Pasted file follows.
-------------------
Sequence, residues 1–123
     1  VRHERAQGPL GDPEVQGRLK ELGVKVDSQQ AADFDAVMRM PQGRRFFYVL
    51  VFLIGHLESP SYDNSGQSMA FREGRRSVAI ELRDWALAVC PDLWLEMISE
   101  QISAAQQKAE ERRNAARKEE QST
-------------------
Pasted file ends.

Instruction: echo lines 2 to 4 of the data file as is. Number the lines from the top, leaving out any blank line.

     1  VRHERAQGPL GDPEVQGRLK ELGVKVDSQQ AADFDAVMRM PQGRRFFYVL
    51  VFLIGHLESP SYDNSGQSMA FREGRRSVAI ELRDWALAVC PDLWLEMISE
   101  QISAAQQKAE ERRNAARKEE QST